Do You Hire For IQ Or Klout Score?

What is the right balance between intelligence and social connectivity? From an innovation perspective, this difference is very significant. In fact, it can mean the difference between success and failure.

In the past decade, the word "friend" became a verb, the word "like" became a noun, and "tweet" became more than a birdsong. Social technology—originally designed for communication between college co-eds—has since brought down governments in Egypt and Tunisia. Thomas Payne would have been proud.

We are outrageously connected. Today, the average American has roughly 600 online and offline relationships (ironically, our number of "close friends" has remained relatively unchanged at 2.16. And yes, the 0.16 is the one who still owes you money.)

As a result of our hyper-connectivity, we are fast-moving from what management scholar Peter Drucker called the knowledge economy to a social economy. The line is quickly blurring between the value of what we know and who we know. This then begs the question: which is more important? Is it more valuable to have the answer? Or is it more valuable to know who has the answer?

In an academic environment we call the latter cheating. But in the corporate world, does it really matter if you know the answer to the problem, or is it more important that you can find out who does? In very practical terms, consider the impact of our social economy on recruiting new employees and professional development. Given a choice of hiring an expert with a high IQ or a generalist with a high Klout score (a measure of social influence), whom do you hire? Or does it depend upon the task? In sales and marketing roles, the extent of one’s personal and professional network along with his or her influence score should be considered. Shouldn’t it?

What is the right balance between intelligence and social connectivity? From an innovation perspective, this difference is very significant. In fact, it can mean the difference between success and failure.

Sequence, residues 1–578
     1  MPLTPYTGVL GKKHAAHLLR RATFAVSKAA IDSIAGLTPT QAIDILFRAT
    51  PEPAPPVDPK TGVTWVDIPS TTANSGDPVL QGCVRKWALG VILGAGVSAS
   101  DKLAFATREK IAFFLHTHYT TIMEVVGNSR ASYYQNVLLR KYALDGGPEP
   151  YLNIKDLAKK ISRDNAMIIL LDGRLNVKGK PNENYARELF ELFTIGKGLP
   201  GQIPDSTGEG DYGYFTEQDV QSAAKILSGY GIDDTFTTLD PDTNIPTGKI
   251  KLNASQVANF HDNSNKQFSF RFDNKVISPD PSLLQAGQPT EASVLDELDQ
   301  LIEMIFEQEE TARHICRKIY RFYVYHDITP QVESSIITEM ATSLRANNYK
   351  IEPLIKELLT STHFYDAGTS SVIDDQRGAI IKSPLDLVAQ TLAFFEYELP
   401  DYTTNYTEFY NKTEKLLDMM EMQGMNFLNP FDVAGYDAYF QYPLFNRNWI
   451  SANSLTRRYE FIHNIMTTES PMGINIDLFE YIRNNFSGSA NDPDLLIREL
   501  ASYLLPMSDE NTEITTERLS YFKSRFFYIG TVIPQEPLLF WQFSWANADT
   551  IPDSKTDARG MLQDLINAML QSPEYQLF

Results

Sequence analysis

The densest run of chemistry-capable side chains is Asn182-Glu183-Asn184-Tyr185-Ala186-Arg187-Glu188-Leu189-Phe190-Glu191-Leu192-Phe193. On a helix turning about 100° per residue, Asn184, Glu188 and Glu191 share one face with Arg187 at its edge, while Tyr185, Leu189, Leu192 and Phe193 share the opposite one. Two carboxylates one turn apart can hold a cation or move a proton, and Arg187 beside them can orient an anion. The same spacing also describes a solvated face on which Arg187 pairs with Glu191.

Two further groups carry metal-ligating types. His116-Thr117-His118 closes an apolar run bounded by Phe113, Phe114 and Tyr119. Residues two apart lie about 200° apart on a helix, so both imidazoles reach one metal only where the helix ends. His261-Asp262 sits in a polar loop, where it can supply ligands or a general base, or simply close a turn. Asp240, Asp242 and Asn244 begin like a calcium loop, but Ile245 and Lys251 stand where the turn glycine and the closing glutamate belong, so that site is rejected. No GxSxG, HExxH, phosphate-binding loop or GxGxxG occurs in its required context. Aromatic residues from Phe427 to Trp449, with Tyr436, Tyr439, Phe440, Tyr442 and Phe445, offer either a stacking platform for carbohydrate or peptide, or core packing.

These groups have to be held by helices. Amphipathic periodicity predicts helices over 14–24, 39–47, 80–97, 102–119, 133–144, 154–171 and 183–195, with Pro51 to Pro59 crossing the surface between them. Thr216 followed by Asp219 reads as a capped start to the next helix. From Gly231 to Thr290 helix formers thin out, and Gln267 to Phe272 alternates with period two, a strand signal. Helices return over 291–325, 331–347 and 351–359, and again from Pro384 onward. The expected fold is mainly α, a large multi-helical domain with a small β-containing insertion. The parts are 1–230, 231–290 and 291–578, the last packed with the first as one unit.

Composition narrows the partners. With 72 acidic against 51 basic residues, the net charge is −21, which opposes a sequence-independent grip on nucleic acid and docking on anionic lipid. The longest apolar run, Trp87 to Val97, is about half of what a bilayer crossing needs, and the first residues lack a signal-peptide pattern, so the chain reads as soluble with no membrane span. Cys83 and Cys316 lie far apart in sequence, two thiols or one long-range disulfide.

Consider one of the most famous innovation battles: Tesla vs. Edison.

Nikola Tesla, the multi-talented engineer and father of Alternating Current (AC), was—no doubt—a genius. His knowledge in electrical and mechanical engineering led to a series of inventions that had impacts on radio communication, X-ray technology, and even attempts at intercontinental wireless transmission (his famed Wardenclyffe Tower). Yet, although he beat Edison in setting the electrical standard, he was a recluse and ultimately lived his finals days in room 3327 at the New Yorker Hotel where died in poverty in 1943.

On the other hand, we have his nemesis—Thomas Edison. Edison, whose Direct Current (DC) lost out to Tesla’s technology, led a fruitful life and died a wealthy man. What was the difference between Tesla and Edison?

While there are many, perhaps the most notable difference when it comes to innovation was the nature of their social networks. Tesla had essentially one productive relationship: George Westinghouse (who licensed and commercialized Tesla’s technologies). Edison, on the other hand, was famously well connected. Edison understood the power of social networking long before it became a pick-up tool for college co-eds. Among Edison’s network were automotive pioneer Henry Ford, tire innovator Harvey Firestone, naturalist and essayist John Burroughs, Bishop William Anderson, and—for good measure—the then sitting President of the United States, Warring G. Harding. Known famously as the Vagabonds, in 1918, this creative crew even went camping together in the Smokey Mountains (in Ford’s cars using Firestone’s tires of course).